by Alberto Aleo While doing my military service in Italy, I served with the Engineer Corps and throughout training and beyond, we were continually instructed on how efficiently managing supplies, together with the targeted and controlled use of resources, can decide the outcome of a conflict. There is a whole range of literature illustrating battles…
“Business as usual” is an expression used to stress how in economics things are always expected to go on in spite of everything. Personally we have never agreed with this point of view: in business (as we intend it in Passodue) the concept of “usual” should not even exist, neither in good times nor during emergencies. In order to survive in modern markets, business models should adapt to the variation of situations and interlocutors. Therefore let’s try and seize this opportunity to make innovations and evolve: the only certainty in what we are experiencing is change.
Let’s start from this assumption: we all knew that something like this would happen sooner or later, but we didn’t really care! If we just take a look around us it is clear that what is happening is a revenge of nature – which is so radiant these days – and that we have ignored sustainability issues for too long. Sustainability is not only an environmental concept. There are also social and economic aspects which make our lives “sustainable”. For example we must realize that the consequences of our selfish attitude are amplified and come back to us, in a sort of “butterfly effect”. For this reason selfishness is not a very far-seeing strategy.
Moreover from an economic point of view it is important to remember John Nash’s lesson, which can be summarized in one sentence: in order to achieve good results we need to give more than what we have received!
This surplus represents an investment which will allow us to prosper.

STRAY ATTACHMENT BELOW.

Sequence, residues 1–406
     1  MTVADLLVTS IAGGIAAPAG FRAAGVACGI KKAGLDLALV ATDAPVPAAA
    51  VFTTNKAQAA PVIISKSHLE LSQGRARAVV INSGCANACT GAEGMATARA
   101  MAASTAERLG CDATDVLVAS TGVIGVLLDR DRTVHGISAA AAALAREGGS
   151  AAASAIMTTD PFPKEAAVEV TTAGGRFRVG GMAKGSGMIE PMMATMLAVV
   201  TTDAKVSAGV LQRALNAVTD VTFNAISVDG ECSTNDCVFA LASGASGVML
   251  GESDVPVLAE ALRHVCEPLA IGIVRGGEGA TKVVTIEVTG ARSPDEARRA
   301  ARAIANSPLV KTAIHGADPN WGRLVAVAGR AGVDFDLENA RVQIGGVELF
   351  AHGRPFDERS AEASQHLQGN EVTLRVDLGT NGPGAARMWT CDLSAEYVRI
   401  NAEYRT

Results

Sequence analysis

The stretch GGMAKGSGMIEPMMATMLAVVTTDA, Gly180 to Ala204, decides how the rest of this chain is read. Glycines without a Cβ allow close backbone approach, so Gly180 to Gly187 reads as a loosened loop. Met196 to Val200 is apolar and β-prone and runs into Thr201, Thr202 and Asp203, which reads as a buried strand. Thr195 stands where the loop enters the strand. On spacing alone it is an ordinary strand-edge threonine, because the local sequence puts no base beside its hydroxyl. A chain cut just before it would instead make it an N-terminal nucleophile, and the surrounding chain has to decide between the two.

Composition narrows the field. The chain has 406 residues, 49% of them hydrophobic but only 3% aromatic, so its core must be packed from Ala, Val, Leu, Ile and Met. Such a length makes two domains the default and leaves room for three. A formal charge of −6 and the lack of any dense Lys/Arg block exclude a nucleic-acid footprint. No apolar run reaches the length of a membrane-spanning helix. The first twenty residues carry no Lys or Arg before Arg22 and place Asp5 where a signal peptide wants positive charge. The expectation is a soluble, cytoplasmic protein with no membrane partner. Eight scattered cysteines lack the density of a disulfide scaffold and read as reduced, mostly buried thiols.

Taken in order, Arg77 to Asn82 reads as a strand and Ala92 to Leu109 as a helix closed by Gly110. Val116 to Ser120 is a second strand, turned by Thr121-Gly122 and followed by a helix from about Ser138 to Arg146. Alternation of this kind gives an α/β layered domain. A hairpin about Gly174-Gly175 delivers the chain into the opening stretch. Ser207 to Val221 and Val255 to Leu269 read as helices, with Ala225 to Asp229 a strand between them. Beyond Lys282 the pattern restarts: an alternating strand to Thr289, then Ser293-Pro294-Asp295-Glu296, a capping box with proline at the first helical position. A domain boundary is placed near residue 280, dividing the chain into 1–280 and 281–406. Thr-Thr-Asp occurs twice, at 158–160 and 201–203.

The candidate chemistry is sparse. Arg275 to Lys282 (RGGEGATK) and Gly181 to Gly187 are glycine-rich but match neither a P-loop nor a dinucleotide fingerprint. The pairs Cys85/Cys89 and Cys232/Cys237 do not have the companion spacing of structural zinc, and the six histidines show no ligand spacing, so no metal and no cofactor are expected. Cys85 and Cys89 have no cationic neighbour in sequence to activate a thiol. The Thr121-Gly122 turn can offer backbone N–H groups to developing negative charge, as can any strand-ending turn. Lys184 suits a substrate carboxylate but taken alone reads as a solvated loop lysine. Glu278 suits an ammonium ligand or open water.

Free to change and to adapt
“Panta rei” as the ancient Greeks used to say about 2500 years ago: everything flows, or better everything changes. This reminds us that we knew we could not wallow in our certainties. Freelancers and Entrepreneurs these days might regret their choice to work freely by creating their own business rather than being hired by someone else.. To all those who have had this kind of doubt we want to say that
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your condition, which is the same as ours, presents risks as well as freedoms which allow us to change and adapt more quickly and more autonomously. We can increase exponentially our chances of “survival” without having to wait for someone to come and “save us” from the outside.
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However it is necessary to take some precautions which are listed below:
- Be willing to redefine the objectives of your market action. Remember that profit is a tool and a consequence of how you act, it is not a goal. So for example try not to “invoice at all costs” these days just because you’re worried you are running out of money. Support your customers, listen to them and show empathy. You will notice that the good comes back to you.